Western reporters have been painting Hong Kong as a place of uncertainty with its imminent handover to China.
China is portrayed as the evil empire a nation burdened with corruption, soaring crime rate and a repressive regime bent on destroying Hong Kong's brand of free-market enterprise.
Almost every news despatch will talk about China's purported plans to curb civil liberties with Beijing's Tiananmen Square incident mentioned in one breath.
Suddenly, these gwai-lo reporters, who have been working and living in Hong Kong without a need for any visa passes, are talking about democracy and freedom of speech.
For years, they made no mention of Governor Chris Patten as London-nominated but consider it fair game, in the name of press freedom, to label the territory's Chief Executive-designate Tung Chee-hwa as Beijing-picked.
They have also completely ignored the fact that for years the whites dominated the hierarchy of the civil service, especially the police force. Many locals, despite having the qualifications, were passed over in favour of expatriates because of the colour of their skin.
It is unfortunate that most newspapers, including those in Asia, will have to depend on lop-sided reports about the territory in the run-up to the handing over because of financial and manpower constraints.
In such circumstances, Asian newspapers will have to use their judgment on what is news and what is prejudice by these Western reporters. For example, the probable use of the Chinese language after July 1 has even become an issue.
One major news agency incorrectly reported Cantonese as a language instead of a dialect. But the issue of language should actually revolve around the lack of effort by the British to teach Hong Kong folk English.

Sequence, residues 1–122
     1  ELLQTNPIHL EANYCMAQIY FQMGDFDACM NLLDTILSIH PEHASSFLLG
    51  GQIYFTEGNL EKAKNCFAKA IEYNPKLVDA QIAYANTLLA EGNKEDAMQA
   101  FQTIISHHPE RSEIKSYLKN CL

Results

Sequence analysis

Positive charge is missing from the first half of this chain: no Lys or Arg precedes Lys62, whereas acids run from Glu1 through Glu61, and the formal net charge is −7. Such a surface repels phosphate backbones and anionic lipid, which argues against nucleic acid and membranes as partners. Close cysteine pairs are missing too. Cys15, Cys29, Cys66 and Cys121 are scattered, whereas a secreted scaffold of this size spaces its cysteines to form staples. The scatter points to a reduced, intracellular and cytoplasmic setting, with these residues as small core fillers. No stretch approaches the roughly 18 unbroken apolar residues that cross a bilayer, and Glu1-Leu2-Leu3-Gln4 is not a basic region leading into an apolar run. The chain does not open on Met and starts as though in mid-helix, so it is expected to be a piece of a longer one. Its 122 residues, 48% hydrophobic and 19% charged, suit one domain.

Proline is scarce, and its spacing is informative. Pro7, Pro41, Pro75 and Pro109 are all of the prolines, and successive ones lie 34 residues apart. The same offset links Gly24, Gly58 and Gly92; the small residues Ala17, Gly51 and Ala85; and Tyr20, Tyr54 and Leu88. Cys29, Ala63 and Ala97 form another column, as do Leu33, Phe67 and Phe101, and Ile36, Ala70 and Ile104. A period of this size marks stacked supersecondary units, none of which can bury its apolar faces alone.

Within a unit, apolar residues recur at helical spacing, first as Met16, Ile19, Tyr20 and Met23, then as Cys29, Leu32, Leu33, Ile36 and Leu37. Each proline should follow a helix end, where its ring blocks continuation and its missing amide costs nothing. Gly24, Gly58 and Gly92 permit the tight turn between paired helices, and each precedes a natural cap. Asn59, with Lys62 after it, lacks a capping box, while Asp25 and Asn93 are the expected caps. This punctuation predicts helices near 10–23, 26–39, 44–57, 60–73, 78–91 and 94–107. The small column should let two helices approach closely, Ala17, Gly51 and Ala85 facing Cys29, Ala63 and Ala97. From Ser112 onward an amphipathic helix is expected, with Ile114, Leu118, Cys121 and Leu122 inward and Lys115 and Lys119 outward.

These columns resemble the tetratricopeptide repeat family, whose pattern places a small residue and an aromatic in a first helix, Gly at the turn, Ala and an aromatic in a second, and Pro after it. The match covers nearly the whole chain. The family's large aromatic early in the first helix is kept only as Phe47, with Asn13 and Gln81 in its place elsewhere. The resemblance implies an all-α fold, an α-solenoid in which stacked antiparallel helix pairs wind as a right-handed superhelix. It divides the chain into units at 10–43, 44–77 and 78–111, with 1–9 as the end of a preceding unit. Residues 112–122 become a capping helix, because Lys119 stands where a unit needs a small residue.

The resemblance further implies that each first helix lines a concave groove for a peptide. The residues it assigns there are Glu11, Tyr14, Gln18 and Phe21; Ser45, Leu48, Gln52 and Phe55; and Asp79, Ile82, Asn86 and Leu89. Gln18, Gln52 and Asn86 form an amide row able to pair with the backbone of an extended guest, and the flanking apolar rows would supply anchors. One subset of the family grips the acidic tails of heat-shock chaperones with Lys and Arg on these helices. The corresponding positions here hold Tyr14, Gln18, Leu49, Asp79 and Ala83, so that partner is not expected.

The inability to speak English deprived many in Hong Kong of jobs and promotions.
At the same time, Martin Lee, the head of Hong Kong's opposition Democratic Party and a Beijing critic, gets the kind of attention given to only selected heads of government a meeting at the White House with President Bill Clinton.
The United States now sees it fit to lecture China on how it should govern Hong Kong after July 1 when the Chinese have taken back what is rightfully theirs after 150 years.
The amount of misinformation on China is amazing but not surprising because Americans now consider China as its chief potential threat in economic and military terms.
Many of these concerns are rooted in ignorance and misunderstanding. Among the Republicans, liberal mass media and academics, China is a threat to the Americans on the world stage.
Efforts by Asian-Americans, mostly ethnic Chinese, to have some influence in the American political system faced a setback when donations by Asians became an issue.
An article in Newsweek on Feb 17 gave an early indication of what the US media would look for on July 1. Disruptions, protests and decrying of the abandonment of the Western values of freedom and democracy would be the diet of July 1.
It is difficult to impress upon Westerners that Hong Kong is no longer the world of Suzy Wong and that the People's Liberation Army is more involved in trading than military manoeuvres, with investments in over 20,000 companies worth billions of ringgit.
Asian watcher John Naisbitt correctly wrote in Megatrends Asia that the West should talk about how much the rest of China would end up looking like Hong Kong after July 1 and not the other way around.
There is no going back. When Macau returns to China in 1999, i will be the end of Western dominance for the first time in 400 years, every inch of Asian soil will be controlled by Asians.
The year 2000 will be the Year of the Dragon, an auspicious beginning for Asians in the new millennium.